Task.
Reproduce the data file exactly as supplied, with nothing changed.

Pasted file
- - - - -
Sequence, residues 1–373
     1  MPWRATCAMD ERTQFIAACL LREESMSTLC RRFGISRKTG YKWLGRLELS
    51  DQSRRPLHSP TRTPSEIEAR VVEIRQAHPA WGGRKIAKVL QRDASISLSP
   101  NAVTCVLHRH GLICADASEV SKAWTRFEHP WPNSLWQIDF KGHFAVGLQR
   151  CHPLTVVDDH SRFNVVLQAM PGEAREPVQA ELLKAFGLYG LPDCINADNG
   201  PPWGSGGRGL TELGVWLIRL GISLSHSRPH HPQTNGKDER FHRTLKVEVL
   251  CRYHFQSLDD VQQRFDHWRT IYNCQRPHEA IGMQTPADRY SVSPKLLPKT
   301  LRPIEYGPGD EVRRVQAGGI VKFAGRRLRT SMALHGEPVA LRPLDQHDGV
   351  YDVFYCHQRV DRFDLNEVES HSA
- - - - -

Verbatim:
Sequence, residues 1–373
     1  MPWRATCAMD ERTQFIAACL LREESMSTLC RRFGISRKTG YKWLGRLELS
    51  DQSRRPLHSP TRTPSEIEAR VVEIRQAHPA WGGRKIAKVL QRDASISLSP
   101  NAVTCVLHRH GLICADASEV SKAWTRFEHP WPNSLWQIDF KGHFAVGLQR
   151  CHPLTVVDDH SRFNVVLQAM PGEAREPVQA ELLKAFGLYG LPDCINADNG
   201  PPWGSGGRGL TELGVWLIRL GISLSHSRPH HPQTNGKDER FHRTLKVEVL
   251  CRYHFQSLDD VQQRFDHWRT IYNCQRPHEA IGMQTPADRY SVSPKLLPKT
   301  LRPIEYGPGD EVRRVQAGGI VKFAGRRLRT SMALHGEPVA LRPLDQHDGV
   351  YDVFYCHQRV DRFDLNEVES HSA